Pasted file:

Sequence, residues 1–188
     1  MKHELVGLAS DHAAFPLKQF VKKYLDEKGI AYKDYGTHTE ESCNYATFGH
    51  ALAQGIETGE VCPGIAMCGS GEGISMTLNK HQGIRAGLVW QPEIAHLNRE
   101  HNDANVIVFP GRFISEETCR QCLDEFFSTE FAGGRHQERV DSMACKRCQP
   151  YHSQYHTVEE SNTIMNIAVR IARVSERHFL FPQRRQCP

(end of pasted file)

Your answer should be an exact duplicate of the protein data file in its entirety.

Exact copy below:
Sequence, residues 1–188
     1  MKHELVGLAS DHAAFPLKQF VKKYLDEKGI AYKDYGTHTE ESCNYATFGH
    51  ALAQGIETGE VCPGIAMCGS GEGISMTLNK HQGIRAGLVW QPEIAHLNRE
   101  HNDANVIVFP GRFISEETCR QCLDEFFSTE FAGGRHQERV DSMACKRCQP
   151  YHSQYHTVEE SNTIMNIAVR IARVSERHFL FPQRRQCP